UBC Theses and Dissertations
An engineering approach to modelling the impact and ballistic response of laminated composite structures Quan, Xiangyang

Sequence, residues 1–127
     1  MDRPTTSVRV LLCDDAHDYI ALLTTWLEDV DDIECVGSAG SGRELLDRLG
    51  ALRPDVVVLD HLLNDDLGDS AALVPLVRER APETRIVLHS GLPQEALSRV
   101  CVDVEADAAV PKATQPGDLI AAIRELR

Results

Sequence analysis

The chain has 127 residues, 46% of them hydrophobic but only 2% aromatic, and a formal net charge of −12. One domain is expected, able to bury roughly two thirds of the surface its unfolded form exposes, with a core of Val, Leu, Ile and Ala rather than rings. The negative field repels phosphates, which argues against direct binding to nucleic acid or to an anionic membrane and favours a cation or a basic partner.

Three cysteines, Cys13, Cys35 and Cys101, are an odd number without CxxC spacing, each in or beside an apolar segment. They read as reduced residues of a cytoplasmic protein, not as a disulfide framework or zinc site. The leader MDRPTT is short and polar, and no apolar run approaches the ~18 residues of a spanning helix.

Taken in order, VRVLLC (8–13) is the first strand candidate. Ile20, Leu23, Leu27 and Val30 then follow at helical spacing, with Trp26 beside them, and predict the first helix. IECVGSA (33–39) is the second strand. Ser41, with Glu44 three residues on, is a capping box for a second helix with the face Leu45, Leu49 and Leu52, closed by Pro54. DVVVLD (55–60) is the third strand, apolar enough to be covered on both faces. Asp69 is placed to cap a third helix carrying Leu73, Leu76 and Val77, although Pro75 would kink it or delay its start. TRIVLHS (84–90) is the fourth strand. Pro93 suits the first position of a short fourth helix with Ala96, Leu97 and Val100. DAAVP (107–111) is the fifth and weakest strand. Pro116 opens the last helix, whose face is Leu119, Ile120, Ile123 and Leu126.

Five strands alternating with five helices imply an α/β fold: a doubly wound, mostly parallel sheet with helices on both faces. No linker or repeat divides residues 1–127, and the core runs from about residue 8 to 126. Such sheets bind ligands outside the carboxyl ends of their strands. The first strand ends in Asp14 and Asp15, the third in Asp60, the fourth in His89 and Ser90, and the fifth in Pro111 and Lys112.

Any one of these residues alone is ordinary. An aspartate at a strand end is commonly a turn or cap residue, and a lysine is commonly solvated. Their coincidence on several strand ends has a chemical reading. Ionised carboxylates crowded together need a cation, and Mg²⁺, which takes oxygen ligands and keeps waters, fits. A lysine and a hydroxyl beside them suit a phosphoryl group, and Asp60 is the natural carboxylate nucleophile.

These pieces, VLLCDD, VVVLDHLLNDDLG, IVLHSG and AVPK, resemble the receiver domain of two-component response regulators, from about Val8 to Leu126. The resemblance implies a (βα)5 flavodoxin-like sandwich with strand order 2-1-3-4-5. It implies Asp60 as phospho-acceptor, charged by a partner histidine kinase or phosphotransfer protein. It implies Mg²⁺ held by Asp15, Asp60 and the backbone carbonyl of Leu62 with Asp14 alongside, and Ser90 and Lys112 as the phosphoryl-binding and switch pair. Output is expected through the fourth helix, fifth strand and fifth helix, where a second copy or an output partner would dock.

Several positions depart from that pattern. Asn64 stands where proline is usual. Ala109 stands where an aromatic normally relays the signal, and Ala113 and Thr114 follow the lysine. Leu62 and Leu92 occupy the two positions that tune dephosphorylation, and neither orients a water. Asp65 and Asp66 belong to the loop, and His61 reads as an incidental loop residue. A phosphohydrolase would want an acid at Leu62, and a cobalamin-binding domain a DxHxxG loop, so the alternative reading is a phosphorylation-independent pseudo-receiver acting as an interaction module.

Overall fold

A super finite element program, SENACS, that was previously developed for transient nonlinear analysis of isotropic structures, has been modified to handle the structural response of layered (laminated) composite materials. Both material and geometric non-linearities have been taken into account in the formulation. The structural analysis capabilities of the code have been demonstrated by successfully comparing the predictions with other experimental, analytical, and numerical results in the literature. Impact problems have been subdivided into two groups: nonpenetrating and penetrating. In each case, appropriate contact laws are introduced to evaluate the local impact load on the structure while the structural analysis part of SENACS computes the target global response. In nonpenetrating impact events, where there is only elastic indentation in the targets, the Hertzian contact law has been employed to establish the impact force as a function of the local indentation. Predictions of the nonpenetrating impact response of plain and stiffened laminated composite plate and shell structures have been found to be in good agreement with the experimental measurements previously reported in the literature. Modelling of penetrating impact problems has been guided by experimental investigations. A phenomenological analytical model for static penetration of composite materials has been developed. In this model, three major penetration mechanisms have been accounted for: hole expansion, flexural deformation of a delaminated plate (split-plate), and transverse plugging. The parameters of the model have been determined through material characterisation tests. The penetration model is introduced as a local contact behaviour in SENACS, and used to predict the penetrating impact response of composites to projectiles with different conical nose shapes. Ballistic impact response of two different material systems, IM7/8551-7 Carbon Fibre-Reinforced Polymer (CFRP) and S2-glass/phenolic resin Glass Fibre- Reinforced Polymer (GFRP) laminates provides the physical background and experimental verifications for the present model. Finally, a number of numerical ballistic simulations have been carried out to investigate the influence of structural shapes and sizes, loading conditions, projectile geometry, and impact velocity on the energy absorption capability of composite materials.